Olive Oil Analysis with UV Vis Spectrophotometry

Olive Oil Quality Assessment with UV-Vis Spectrophotometry

Key Points 

  • UV-Vis spectrophotometry is a simple and efficient technique for the analysis and evaluation of the quality of olive oil
  • Extra virgin, virgin, and lower quality olive oils can be distinguished by measuring their absorbance at four UV wavelengths
  • The full UV-vis absorption spectrum provides valuable qualitative and quantitative information when oil adulteration is suspected


Olive oil has been valued for its culinary and cultural significance for millennia. As one of the most widely consumed edible oils globally, quality standards are defined and monitored by regulatory bodies such as the International Olive Council (IOC). The IOC has defined grades for olive oil based on its quality and purity, with three primary classifications: extra virgin, virgin, and olive oil. Extra virgin olive oil (EVOO) is obtained solely by cold mechanical extraction and is prized for its superior taste, characterised by low acidity. Virgin olive oil, while slightly lower in quality than extra virgin, still maintains significant sensory and nutritional qualities. Olive oil, the most widely available grade, may undergo refining processes and often exhibits a milder flavour profile.

Despite extensive countermeasures, several cases of olive oil fraud are reported each year in Europe.1 These cases commonly involve mixing extra virgin olive oil with a lower-quality edible oil or adding colourants to the olive oil to pass as extra virgin. The integrity of the oil can also be compromised by improper storage and processing. Reliable olive oil analysis methods are essential for ensuring adherence to regulatory standards and gaining consumer trust.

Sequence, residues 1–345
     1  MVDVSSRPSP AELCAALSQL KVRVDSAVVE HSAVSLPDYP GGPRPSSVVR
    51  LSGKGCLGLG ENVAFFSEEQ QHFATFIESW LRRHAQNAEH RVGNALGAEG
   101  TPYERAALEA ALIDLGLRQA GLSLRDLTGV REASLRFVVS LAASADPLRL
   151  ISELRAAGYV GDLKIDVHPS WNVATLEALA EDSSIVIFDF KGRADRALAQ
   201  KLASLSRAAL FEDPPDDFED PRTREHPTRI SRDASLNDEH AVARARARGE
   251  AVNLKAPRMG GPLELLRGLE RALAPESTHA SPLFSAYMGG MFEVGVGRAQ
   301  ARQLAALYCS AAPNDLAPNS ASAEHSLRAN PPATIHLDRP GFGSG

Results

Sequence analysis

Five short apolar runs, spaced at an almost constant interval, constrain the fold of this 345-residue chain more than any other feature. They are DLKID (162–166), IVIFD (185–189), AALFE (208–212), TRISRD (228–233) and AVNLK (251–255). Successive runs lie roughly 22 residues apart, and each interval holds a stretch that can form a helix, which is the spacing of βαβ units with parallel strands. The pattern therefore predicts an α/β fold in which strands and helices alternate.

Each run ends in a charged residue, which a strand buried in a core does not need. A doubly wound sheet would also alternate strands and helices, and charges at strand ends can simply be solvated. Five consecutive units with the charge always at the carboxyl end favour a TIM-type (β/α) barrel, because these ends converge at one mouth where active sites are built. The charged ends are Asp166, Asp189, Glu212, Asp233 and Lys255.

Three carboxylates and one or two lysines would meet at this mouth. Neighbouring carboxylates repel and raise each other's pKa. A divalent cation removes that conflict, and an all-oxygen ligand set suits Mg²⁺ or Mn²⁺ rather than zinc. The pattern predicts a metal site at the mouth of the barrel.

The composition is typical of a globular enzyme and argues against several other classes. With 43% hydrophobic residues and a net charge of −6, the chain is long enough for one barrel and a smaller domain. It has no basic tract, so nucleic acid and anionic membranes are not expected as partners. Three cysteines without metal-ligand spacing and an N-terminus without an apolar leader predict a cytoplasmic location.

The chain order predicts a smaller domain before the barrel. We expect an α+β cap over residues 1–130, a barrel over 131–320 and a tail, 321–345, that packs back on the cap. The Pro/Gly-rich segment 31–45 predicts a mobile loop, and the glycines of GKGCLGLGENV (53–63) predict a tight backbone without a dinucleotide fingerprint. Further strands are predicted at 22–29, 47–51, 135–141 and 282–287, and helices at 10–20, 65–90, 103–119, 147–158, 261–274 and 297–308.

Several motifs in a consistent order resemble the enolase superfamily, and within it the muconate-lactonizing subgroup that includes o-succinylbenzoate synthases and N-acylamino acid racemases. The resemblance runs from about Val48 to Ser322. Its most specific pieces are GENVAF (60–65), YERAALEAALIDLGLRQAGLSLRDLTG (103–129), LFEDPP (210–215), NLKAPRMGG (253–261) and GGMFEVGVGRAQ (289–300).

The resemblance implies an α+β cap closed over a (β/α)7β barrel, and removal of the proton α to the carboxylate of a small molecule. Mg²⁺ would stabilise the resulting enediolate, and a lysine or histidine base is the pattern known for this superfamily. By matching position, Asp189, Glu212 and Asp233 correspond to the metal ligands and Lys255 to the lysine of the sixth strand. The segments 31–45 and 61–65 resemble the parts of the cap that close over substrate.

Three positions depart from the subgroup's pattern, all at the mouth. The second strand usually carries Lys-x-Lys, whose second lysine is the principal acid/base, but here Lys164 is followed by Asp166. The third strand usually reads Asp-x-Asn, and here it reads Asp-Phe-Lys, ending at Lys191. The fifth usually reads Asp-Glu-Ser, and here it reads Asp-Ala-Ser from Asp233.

One of the most reliable techniques for assessing the quality of olive oil is UV-visible (UV-Vis) spectrophotometry. This analytical method offers a precise and efficient means of quantifying various compounds present in olive oil, including pigments, phenolic compounds, and oxidation products, by measuring the absorbance of specific wavelengths of light. UV-Vis spectrophotometry only requires a benchtop instrument and almost no sample preparation; therefore, it is an ideal tool for the rapid identification of adulteration or degradation.

In this Application Note, an Edinburgh Instruments DS5 Spectrophotometer is used for the quality assessment of edible oils, including extra virgin, virgin, and lower-grade edible olive oils, following the industry’s standard UV-Vis analysis method. Additionally, a method to quantify olive oil adulteration using its visible absorption spectrum is evaluated.

Materials and Methods

Commercial edible oils were purchased and used as provided (Figure 1, Table 1). Sample HEVOO was prepared by heating EVOO above its smoke point for a duration of 5 minutes.

Table 1. Edible oil sample contents and their abbreviation.

Sample vials labelled with different types of olive oil for analysis

Figure 1. Edible oil samples used in this study.


The quality of samples EVOO, VOO, PO, and HEVOO was assessed using the method established by the International Olive Council.2 The method requires a spectrophotometer which can measure with 1 nm resolution between 220 nm and 360 nm. Linearity, wavelength and photometric accuracy in the UV range must be verified before the measurements. This study employed a DS5 Spectrophotometer (Figure 2). Its performance was validated using holmium oxide and potassium dichromate standards. The samples were diluted in isooctane to a concentration of 1% (m/V), transferred to quartz cuvettes and studied in the DS5 Spectrophotometer after performing a baseline correction.

DS5 Spectrophotometer can be used for olive oil analysis

Figure 2. Edinburgh Instruments DS5 UV-Vis Spectrophotometer.

Samples BO, EVOO, SO, and their mixtures were used without further dilution in the quantitative study. They were measured in the DS5 Spectrophotometer after a baseline correction.


Olive Oil Quality Assessment by UV Absorption

The absorbance of each of the samples EVOO, VOO, PO, and HEVOO was measured at 232 nm, 264 nm, 268 nm, and 272 nm. The extinction coefficient Kλ at each wavelength λ was calculated as follows: